Network for Greening the Financial System

Greening the financial system is the objective DNB and the other members and observers of the Network of Central banks and Supervisors for Greening the Financial System (NGFS) have set themselves. The NGFS is a fast-growing international network of central banks and supervisors.

NGFS objectives

The Network for Greening the Financial System is a collaborative structure that aims to green the financial system and strengthen the efforts of the financial sector in achieving the Paris climate agreement goals. For example, it keeps track of the financial sector's efforts to manage climate risks and explores the available options of mobilising capital for green and low-carbon investments.

Logo NGFS

International network 

DNB is one of the founding members of the NGFS. Other pioneers include the central banks and supervisors from China, Germany, France, Mexico, Singapore, Sweden and the United Kingdom. More than 80 central banks, supervisors and other competent authorities have joined the NGFS since its inception in December 2017. The NGFS is chaired by Frank Elderson, Executive Director of De Nederlandsche Bank. The Secretariat is provided by Banque de France.

NGFS Participants 

New NGFS members hail from Abu Dhabi, Australia, Brazil, Canada, Costa Rica, Denmark, Indonesia, Japan, Latvia, Malaysia, New Zealand, Russia, South Africa and South Korea. Several European institutions have also joined, such as the ECB, EBA and EIOPA. International organisations including the IMF, the BCBS, the OECD and the World Bank have joined as observers. See which other countries and organisations participate in the NGFS.

Urgency

Climate change brings risks to the financial sector that are new and difficult to analyse. “However, it is important to take action now,” says Frank Elderson, DNB Executive Director and chair of the NGFS. “As long as global temperature and sea levels keep rising – and with them the financial risks of climate change – central banks, supervisors and financial institutions must keep raising the bar to confront these challenges and make the financial system greener.”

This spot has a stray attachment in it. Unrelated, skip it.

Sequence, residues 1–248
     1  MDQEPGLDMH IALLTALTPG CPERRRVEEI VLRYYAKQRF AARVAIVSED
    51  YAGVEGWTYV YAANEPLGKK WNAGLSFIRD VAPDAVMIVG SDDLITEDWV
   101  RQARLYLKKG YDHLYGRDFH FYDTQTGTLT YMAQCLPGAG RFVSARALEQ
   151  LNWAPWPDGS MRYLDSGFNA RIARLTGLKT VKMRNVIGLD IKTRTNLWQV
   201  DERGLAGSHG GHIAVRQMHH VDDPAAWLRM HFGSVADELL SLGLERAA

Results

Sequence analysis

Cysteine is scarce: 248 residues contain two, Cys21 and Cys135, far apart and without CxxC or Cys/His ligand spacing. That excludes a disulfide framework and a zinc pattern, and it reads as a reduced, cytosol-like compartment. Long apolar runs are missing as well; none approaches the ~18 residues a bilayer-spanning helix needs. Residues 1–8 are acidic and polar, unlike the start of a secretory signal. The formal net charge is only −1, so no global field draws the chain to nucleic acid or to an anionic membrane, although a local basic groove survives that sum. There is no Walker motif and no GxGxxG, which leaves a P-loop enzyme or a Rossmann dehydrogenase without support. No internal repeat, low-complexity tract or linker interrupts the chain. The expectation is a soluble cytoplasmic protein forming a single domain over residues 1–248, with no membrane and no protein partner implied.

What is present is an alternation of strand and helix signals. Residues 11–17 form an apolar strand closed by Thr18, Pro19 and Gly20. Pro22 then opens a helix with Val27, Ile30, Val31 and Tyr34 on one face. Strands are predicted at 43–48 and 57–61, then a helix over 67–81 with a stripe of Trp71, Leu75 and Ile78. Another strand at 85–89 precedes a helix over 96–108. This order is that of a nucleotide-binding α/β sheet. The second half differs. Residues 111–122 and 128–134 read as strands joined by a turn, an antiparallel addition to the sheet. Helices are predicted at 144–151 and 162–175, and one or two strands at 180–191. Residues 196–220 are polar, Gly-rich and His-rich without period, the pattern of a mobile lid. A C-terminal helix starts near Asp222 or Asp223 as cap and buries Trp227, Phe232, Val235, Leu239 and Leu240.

Guides and guidance                             

In April 2019, the NGFS published the report “A Call for Action” with six concrete recommendations to include climate and environmental risks in the work of central banks and supervisors. The NGFS has given further substance to this with the publication of technical documents. See for example:

  • A guide with an overview of the practices of central banks worldwide that anchor the principles of sustainable and responsible investment in their reserve management
  • A guide to best practices by international supervisors that include climate and environmental risks in supervisory policies and practice. 
  • Guidance for carrying out more forward-looking scenario analyses for climate risk assessments.                                  

Next Steps

Further elaboration of the right methods and techniques to establish, quantify and reduce climate-related risks in the financial system is urgently needed. The NGFS will continue to focus on the exchange of knowledge and experience between central banks, supervisors, and other relevant stakeholders. Specific areas of focus for the NGFS in the coming period are:

  • further mapping out the specific data needs for climate risk analysis
  • further elaboration of scenario analyses for climate risk assessments.Further information 

Further information

View more information and documents on the NGFS website.